At the Karolinska Institute, Stockholm, Sweden, Professor Karl-Gustaf Luening and his assistants are studying the effects of atomic radiation on the reproductivity of mice.
SV. Containers with mice, fed by assistant
SV. Girl brings container with male mice to table
CU. Lifts mouse out and shows to camera
CU. Mouse removed from container prior to securing for atomic irradiation
CU. Mouse placed on block and secured with tape
CU. Another angle of above
SCU. Taping continues
CU. Cover placed over mouse
MV.PAN Scientist places mouse into radiation cabinet
CU. Mouse in cabinet
CU. Door shut
MV. Scientist operates levers subjecting mouse to atomic rays
CU. Needles on dial register
CU. Door opens, mouse taken out
MV. Prof. Luening takes mouse out -girl assistant looks on
MV. Prof. puts mouse on his sleeve, assistants look
CU. Cover removed from container, male mouse removed
CU. Baby mice in hand, placed back with family
CU. Container with mice
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Background: At the Karolinska Institute, Stockholm, Sweden, Professor Karl-Gustaf Luening and his assistants are studying the effects of atomic radiation on the reproductivity of mice. The Radiation-Genetics Department is directly responsible to the swedish Atomic Energy Commission.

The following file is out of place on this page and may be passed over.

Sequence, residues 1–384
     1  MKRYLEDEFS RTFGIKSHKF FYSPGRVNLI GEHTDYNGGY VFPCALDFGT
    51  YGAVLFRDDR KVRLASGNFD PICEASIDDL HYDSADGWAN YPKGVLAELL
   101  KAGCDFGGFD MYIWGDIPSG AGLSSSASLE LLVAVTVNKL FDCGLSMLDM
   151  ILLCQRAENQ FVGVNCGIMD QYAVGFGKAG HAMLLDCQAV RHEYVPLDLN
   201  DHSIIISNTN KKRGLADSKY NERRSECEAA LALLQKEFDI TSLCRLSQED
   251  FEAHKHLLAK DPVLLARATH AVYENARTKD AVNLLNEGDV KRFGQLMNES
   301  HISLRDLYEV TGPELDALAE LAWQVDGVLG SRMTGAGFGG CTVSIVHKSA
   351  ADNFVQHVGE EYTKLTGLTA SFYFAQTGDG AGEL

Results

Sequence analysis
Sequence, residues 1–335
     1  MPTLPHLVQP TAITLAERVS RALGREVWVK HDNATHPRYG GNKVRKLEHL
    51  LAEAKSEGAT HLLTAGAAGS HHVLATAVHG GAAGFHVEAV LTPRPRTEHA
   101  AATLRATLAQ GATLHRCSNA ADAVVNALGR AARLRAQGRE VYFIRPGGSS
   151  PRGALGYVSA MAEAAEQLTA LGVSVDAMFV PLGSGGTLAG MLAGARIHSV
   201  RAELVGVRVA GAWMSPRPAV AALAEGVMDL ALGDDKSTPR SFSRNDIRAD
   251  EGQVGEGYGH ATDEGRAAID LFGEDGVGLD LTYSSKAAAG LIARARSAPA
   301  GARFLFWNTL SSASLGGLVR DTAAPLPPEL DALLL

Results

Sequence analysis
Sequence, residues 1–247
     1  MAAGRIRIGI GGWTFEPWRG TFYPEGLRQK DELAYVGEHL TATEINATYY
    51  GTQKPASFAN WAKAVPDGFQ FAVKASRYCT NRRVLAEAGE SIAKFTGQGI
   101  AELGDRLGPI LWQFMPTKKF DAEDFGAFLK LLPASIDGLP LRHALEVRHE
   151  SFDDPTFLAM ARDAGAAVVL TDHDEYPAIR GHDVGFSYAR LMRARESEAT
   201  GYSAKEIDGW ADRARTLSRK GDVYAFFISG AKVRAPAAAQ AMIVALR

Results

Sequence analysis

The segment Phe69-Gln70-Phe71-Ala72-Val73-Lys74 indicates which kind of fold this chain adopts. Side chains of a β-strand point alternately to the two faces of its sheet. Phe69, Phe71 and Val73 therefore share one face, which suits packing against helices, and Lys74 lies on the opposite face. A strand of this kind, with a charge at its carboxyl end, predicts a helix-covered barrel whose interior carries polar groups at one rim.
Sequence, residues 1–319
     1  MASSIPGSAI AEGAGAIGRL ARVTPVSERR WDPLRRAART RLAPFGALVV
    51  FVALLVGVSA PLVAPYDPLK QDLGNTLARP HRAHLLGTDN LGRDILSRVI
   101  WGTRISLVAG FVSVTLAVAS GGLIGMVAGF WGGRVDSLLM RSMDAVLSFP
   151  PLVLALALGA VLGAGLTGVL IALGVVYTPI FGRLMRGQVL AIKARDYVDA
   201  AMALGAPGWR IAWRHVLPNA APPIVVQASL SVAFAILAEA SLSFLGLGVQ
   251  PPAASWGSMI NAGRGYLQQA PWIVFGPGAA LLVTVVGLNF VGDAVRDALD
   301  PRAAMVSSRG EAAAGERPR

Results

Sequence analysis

Research on genetic mutation in some 20,000 mice - to obtain information on radiation effects on the human race - began two years ago when a pair of BCA mice were used to start a chain of generations of mice to be irradiated. Mice of the BCA type are the result of consistent inbreeding between the offspring of one pair, over more than 100 generations. In marked contrast to human beings, mice remain unaffected by this practice.
At the Institute, 125 male mice of every generation bred are selected when 60 days old and their reproductive organs and thus their chromosomes exposed to a radiation of 275 roentgen - a higher level of radioactivity than measured at Hiroshima. Female mice cannot be used for these tests since radiation sterilizes them.
Sperm cells of the irradiated male mice are examined before they reach maturity, and ten days later the next generation is bred. This process is repeated after 90 days.
The object of these tests is to determine possible genetic changes in successive generations. So far, after four generations, such changes have not occurred. Research has established, however, that irradiation decreases the reproductive capacity in mice. Definite further results may not be obtained for some time as mice bread only two generations per year.